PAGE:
Tuesday, September 10, 2013

Culture: An Internal Invisible Hand

Culture At Work

      In an organization, culture is a way employees do things to achieve common goals. It is the combination of process and priority. When employees solve a problem, they instinctively learn culture from the feedback of colleague and bosses. In other words, they learn which problem is  important (i.e., priority) and how to solve the problem (i.e., process).

Self-Managing Organization

          Culture helps turn an organization into a self-managing entity. By getting feedback from those around them, employees soon learn what’s right and what’s not. Soon, no one has to tell the employees what to do and what not to do. 


          At Pixar, each team does not just hand over the job to the director and move on to do other stuff. Instead, they  provides the director with daily brutal criticism. At Pixar, everyone is willing to tolerate criticism in an exchange for great original films. This approach works most of the time, and people recognize it. Soon, people just embrace this culture. The manager does not have to micro-manage the project, because the culture does the magic to make everyone works under the same priority. 

Building Culture

          To build a culture, you first need to find a problem. Then, you let a team try to solve it. If they fails, ask them find another way to solve it. When you face the problem again, let the same team solve the problem. By repetition, they will learn what works and what’s not. They would slowly build up the culture.
“Culture in any organization is formed through repetition.”

However, if you don’t explicitly state the culture you want your organization to adopt, culture will still emerge anyway. But the developed culture could be different than what you expected. Again, culture emerges as process and priority are repeated and yield good results. 

Culture in Your Family

The importance of Culture At Home

          We talked about the right capability for our kids. Process is more important than resource, and priority is more important than process. But, perhaps, culture is even more valuable than resource, process, and priority. Once the culture sets in, you don’t need to be worried about your kids’ capability. Culture will tell your kids what to do (priority) and how to do it (process). 

How Do We Build a Culture at Home

          The first thing you need to do is to define the culture you’d like to cultivate. Then, you need to design activities to help instill this culture. This is not an easy task. You can’t just tell your kids what to do. Doing that would be just to help them acquire a skill--a type of resource. Furthermore, the kids might resist what you told them and the culture will never be developed.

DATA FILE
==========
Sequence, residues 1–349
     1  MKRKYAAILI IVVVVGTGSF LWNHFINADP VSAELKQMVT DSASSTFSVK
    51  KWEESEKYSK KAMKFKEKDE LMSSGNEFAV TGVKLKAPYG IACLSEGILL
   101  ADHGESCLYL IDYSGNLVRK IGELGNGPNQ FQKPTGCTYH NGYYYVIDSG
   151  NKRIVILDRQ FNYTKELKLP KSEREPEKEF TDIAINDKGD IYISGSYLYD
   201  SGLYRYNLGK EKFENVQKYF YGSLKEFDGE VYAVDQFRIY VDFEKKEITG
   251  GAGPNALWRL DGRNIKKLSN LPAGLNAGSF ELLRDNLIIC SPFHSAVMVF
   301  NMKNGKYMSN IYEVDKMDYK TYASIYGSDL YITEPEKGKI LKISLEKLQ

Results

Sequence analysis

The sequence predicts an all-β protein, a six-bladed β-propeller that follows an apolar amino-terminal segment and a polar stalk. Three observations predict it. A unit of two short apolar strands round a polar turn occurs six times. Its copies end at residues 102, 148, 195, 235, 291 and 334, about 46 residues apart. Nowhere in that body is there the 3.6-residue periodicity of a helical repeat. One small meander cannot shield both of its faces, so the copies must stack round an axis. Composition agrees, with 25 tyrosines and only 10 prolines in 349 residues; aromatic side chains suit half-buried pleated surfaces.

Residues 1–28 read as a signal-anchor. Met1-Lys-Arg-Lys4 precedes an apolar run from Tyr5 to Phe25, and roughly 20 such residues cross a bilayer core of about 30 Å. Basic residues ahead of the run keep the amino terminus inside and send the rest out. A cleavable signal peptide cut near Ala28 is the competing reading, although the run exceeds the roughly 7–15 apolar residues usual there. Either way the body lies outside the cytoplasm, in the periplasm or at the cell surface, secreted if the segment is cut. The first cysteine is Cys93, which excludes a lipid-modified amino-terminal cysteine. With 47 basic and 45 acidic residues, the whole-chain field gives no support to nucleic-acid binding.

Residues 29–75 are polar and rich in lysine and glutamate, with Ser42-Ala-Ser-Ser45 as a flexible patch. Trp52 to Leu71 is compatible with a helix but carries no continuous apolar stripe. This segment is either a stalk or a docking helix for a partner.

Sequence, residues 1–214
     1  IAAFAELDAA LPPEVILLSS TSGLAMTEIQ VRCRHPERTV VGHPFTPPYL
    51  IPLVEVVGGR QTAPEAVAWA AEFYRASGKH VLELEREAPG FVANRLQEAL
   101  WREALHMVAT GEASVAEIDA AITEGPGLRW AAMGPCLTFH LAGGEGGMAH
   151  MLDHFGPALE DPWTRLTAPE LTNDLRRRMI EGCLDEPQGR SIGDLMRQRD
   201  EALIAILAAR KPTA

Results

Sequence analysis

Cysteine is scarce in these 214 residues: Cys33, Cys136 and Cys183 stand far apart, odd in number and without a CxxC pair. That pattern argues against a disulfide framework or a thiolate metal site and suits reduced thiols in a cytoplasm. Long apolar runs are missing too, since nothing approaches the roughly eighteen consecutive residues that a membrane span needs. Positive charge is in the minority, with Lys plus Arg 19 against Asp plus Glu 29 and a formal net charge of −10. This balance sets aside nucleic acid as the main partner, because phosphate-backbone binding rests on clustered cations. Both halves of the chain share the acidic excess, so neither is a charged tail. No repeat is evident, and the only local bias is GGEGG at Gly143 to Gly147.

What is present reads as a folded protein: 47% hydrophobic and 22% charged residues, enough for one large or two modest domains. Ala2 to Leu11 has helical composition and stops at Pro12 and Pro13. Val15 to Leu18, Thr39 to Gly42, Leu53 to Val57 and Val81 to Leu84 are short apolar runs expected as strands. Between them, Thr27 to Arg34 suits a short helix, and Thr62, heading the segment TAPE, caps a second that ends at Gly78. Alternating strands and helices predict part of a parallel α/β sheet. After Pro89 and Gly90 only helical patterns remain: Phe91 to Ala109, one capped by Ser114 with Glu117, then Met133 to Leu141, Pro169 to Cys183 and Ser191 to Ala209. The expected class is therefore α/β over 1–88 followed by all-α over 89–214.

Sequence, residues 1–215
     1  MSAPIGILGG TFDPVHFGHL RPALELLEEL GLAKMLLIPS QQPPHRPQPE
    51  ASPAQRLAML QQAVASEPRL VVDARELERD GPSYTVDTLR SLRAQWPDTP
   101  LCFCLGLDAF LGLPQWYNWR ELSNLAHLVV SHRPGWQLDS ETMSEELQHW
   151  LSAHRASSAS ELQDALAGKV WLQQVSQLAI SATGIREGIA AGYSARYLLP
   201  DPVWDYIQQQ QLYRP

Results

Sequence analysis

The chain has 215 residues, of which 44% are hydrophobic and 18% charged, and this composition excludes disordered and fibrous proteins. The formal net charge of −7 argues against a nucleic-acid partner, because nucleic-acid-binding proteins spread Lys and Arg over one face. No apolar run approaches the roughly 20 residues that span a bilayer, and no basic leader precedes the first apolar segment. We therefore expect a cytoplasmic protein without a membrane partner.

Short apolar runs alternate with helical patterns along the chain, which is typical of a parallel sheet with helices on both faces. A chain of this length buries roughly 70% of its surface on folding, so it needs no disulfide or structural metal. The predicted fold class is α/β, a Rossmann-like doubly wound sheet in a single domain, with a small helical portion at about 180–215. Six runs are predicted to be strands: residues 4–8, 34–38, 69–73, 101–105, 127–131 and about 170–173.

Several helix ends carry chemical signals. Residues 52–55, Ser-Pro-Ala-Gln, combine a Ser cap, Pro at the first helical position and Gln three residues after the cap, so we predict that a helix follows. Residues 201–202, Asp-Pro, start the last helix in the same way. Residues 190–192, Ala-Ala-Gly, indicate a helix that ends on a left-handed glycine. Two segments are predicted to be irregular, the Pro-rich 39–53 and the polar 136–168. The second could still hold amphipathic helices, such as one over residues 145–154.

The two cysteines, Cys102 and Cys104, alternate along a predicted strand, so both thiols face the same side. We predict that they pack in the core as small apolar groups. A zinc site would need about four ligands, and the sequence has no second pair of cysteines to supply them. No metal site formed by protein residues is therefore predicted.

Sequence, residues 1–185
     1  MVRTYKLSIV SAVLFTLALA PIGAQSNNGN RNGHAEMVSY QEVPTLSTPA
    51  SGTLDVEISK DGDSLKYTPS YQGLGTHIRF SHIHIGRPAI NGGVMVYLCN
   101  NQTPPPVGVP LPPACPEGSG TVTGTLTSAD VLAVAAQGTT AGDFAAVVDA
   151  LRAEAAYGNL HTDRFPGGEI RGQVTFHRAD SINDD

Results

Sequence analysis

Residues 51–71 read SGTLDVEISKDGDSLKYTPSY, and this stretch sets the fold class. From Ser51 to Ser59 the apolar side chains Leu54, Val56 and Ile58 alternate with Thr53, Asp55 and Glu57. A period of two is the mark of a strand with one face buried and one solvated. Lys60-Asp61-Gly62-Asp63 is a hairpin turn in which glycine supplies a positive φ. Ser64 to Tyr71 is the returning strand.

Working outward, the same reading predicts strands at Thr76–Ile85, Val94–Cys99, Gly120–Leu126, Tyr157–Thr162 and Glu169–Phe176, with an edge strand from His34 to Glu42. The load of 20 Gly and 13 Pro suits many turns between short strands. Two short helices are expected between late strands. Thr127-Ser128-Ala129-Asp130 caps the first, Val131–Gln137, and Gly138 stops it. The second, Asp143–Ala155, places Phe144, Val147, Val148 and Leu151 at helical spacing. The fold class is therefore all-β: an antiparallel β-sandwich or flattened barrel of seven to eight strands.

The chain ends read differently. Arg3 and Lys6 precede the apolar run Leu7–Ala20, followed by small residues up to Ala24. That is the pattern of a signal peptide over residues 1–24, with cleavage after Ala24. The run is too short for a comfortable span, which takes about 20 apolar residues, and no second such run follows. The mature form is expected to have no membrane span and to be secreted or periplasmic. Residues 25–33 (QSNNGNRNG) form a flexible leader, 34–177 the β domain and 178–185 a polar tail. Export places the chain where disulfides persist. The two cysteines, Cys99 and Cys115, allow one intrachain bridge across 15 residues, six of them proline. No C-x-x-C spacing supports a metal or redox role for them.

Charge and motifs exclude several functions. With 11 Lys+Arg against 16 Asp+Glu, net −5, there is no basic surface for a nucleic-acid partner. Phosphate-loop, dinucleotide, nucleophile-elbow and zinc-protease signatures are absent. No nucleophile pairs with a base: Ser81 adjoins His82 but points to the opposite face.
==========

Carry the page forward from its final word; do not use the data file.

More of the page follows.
For example, if you’d like your kids to be kind. You can’t just tell them. You need to be with them, and influence their thoughts. When it is possible to make a kinder choice, you need to help your kids make that choice. Your kids need to think that the choice is theirs, not yours. This way they can feel proud of making that choice. They will remember how good they felt when the choice was made. This feeling will be instilled deep in their heart. Soon, it will become their culture. 
“You have to consciously work through the years your children are young to help them see success in the things you want to be a part of your culture.”

Source: How Will You Measure Your Life? by Clayton M. Christensen, James Allworth, and Karen Dillon

Book or Audiobooks?

Personally, I prefer audiobooks. It's fun, and I can listen when I'm doing something else. It also makes other activities (e.g., jogging) a lot more fun. For more detail about audiobooks, please read [this post].

There is one more reason that may encourage you to go for the audiobook version. You can get it now for FREE. Audible offers you a free trial for 14 days. Even if you get the book and cancel the subscription right away (so that you don't have to pay), you can keep the book. And, don't worry if you lost the audiobook file. Just log into audible.com. You can keep downloading the over and over again.

   About the summary: It takes time to finish up a book. And, when you do, sometimes, you want to review what you learn from the book. If you do not make  notes as you read, you might have to go through the book once again. This can be time-consuming when you are dealing with a book. But you can still flip through the book and locate what you are looking for.

However, when the material is an audiobook, it is extremely hard to locate a specific part of content. Most likely you will have to listen to the entire audiobook once again.

This book summary will help solve the pain of having to go through the book all over again.

I am leaving out the details of the books. Most books have interesting examples and case studies, not included here. Reading the original book would be much more entertaining and enlightening. If you like the summary, you may want to get the original from the source below.

1 comment:

  1. Great Article
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